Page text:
I am an award-winning journalist with more than 17 years of experience writing about personal finance. My work has appeared in Kiplinger’s Personal Finance, Business Insider, Chicago Tribune, Fortune, Huffington Post, Money, MSN, USA Today and many more print and online publications. I currently am the Life + Money columnist for GOBankingRates.

U.S. News & World Report named me one of the top personal finance experts to follow on Twitter, and AOL Daily Finance named me one of the top 20 personal finance influencers to follow on Twitter. I have appeared on MSNBC, CNN and “Fox & Friends” and have been a guest on ABC News Radio, Wall Street Journal Radio, NPR, WTOP in Washington, D.C., KGO in San Francisco and other personal finance radio shows nationwide. I also have been interviewed and quoted as an expert in The New York Times, Chicago Tribune, BBC.com, MarketWatch and more.

I have an MA in economic journalism from American University and BA in journalism and Russian studies from Washington & Lee University.

Who am I really?

I’m a mom of three young kids — who are so stinking cute, smart and awesome (most of the time). My husband is an economics professor at a state university. So you can imagine what life must be like for our kids. When they want something, Dad makes them do a cost-benefit analysis, and I tell them to wait for it to go on sale or use their own money to buy it.

OK, that’s a bit of an exaggeration. But my husband and I take every opportunity to teach our kids about money and how to be responsible with it. We want them to understand the difference between needs and wants. And we try to set a good example for them by not living beyond our means.

We don’t live in a McMansion, drive fancy new cars or buy expensive designer clothes. We like to travel – in fact, it’s our goal to visit all 50 states with our kids by the time they graduate from high school. But we don’t stay in luxury resorts. And when we buy most anything, we look for the best deal.

I’m also part of the sandwich generation because I’ve been juggling raising my kids while caring for my mom, who has been diagnosed with Alzheimer’s disease. It’s a stressful situation I wouldn’t wish on anybody, but it’s given me great insight into how financially devastating Alzheimer’s and dementia can be. And it made me realize how important it is for adult children to be having conversations with their parents about their finances before a health issue or other emergency leaves their parents unable to manage their finances on their own. That’s why I wrote Mom and Dad, We Need to Talk: How to Have Essential Conversations With Your Parents About Their Finances (available June 2019). In the book, I offer encouragement and guidance to people who want have an open dialogue with their parents about their finances but don’t know where to start, what to ask or how to get Mom and Dad to feel comfortable discussing a topic they might consider off-limits.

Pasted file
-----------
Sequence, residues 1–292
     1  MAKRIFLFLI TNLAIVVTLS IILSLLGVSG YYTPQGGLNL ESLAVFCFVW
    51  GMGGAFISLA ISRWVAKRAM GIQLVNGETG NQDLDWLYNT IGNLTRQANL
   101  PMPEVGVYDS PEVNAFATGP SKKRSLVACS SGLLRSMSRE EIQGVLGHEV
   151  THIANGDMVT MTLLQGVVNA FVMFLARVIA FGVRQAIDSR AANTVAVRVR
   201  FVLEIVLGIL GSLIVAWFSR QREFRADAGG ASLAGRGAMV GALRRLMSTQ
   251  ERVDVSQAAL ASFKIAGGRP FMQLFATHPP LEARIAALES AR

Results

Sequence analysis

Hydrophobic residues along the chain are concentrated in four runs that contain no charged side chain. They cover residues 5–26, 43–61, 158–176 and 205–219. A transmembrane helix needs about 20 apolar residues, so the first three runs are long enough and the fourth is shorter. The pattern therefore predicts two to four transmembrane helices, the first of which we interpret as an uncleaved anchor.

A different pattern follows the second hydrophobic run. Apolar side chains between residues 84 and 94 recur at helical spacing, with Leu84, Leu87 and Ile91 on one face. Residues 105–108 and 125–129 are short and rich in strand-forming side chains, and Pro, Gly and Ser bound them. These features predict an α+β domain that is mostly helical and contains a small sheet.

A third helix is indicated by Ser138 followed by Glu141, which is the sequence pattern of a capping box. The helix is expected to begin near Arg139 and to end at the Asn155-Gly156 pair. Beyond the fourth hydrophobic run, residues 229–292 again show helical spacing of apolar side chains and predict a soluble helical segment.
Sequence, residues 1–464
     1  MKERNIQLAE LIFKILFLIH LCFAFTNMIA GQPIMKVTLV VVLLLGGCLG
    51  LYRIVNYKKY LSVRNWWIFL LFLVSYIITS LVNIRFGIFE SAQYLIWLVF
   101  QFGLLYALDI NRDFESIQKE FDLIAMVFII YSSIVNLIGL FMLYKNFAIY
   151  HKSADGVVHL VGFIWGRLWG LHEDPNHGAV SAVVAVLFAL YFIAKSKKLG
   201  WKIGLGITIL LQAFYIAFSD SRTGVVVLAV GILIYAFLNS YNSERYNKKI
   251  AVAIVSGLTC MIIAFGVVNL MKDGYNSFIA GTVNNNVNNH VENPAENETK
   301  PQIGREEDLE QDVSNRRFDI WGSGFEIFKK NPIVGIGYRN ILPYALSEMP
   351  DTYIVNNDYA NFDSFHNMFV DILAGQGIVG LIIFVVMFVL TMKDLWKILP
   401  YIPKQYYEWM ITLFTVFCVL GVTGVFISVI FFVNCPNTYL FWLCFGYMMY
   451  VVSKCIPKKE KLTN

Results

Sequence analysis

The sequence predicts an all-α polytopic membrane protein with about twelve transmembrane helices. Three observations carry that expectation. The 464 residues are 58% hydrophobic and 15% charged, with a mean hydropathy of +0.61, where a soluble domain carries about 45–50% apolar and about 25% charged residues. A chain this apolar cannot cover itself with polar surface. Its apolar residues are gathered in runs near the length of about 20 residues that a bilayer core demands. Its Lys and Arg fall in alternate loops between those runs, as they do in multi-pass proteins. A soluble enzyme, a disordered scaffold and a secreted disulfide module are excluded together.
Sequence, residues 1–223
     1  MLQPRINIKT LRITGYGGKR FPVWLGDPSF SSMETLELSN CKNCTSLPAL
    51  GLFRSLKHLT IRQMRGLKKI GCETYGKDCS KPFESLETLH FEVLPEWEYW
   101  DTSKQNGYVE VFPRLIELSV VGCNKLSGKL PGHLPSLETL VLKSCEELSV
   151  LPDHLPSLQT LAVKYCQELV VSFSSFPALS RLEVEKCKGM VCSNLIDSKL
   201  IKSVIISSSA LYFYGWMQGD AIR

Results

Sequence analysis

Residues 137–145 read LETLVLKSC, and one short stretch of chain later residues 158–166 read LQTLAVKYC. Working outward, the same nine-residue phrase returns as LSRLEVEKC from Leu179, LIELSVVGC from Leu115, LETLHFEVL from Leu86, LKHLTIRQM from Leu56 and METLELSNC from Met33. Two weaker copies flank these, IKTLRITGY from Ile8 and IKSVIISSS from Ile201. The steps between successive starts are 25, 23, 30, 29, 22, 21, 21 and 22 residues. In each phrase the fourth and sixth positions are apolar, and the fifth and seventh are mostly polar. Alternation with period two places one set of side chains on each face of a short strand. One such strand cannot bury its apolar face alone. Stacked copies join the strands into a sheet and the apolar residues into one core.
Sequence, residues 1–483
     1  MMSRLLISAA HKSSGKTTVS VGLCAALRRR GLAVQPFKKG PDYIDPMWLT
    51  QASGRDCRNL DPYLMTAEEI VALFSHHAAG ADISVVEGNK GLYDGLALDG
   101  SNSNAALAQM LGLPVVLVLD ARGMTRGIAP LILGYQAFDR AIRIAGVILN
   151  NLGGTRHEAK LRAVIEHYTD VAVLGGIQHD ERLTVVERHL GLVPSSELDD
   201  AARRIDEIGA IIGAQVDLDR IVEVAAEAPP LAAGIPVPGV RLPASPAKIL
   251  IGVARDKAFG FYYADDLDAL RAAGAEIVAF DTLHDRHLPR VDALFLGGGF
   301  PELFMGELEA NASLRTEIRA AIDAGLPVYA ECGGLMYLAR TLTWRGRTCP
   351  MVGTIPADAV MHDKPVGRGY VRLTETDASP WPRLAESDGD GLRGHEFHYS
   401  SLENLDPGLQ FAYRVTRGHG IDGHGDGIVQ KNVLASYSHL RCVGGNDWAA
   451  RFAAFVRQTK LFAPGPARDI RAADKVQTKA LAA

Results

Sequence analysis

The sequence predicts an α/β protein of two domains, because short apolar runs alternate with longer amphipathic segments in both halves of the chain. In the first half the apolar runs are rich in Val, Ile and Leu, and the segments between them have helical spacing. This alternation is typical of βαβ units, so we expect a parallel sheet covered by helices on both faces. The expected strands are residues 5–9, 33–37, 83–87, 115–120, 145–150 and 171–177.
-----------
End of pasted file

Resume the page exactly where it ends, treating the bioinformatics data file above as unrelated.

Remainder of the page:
Why I care about personal finance …

When the topic of personal finance comes up in conversations with friends or family, they often comment that they’re glad they know me because I know a lot about money and can offer them advice. But I wasn’t born knowing the best ways to save on everyday purchases, strategies to pay down debt or the difference between a traditional IRA and a Roth IRA. In fact, when I was told by my first employer that I could participate in the workplace 401(k), I didn’t know what the heck that was.

The thing is, I had to learn about personal finance. Some of that learning happened by trial and error. But most of it has happened over more than a decade as a personal finance journalist because I’ve had the opportunity to talk with countless experts and translate their knowledge into actionable advice for readers. After writing about personal finance for so many years, I guess you could call me an expert (of sorts) on the topic of money.

If there’s anything I’ve learned, it’s that no one cares more about your personal finances than you. I care about my finances because I don’t want to live paycheck to paycheck or always be worried about money. I want to be able to afford the things I enjoy, be free of financial stress and be able to retire on my own terms.

Understanding the basics of personal finance allows you to take control of your money rather than spend your life struggling to get ahead. That’s why I care — and you should, too.

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"An excellent step-by-step guide to navigate what can be time-consuming, uncomfortable conversations."

- Michelle Singletary, The Washington Post

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